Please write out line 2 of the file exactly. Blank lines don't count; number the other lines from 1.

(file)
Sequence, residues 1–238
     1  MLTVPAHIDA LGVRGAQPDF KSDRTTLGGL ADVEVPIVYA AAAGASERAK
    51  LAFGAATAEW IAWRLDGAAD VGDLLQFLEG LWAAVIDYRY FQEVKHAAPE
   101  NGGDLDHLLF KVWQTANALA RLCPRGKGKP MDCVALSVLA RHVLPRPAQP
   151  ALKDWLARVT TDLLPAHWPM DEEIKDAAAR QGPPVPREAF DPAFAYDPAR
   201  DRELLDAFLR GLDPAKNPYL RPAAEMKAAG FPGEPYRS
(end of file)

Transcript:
     1  MLTVPAHIDA LGVRGAQPDF KSDRTTLGGL ADVEVPIVYA AAAGASERAK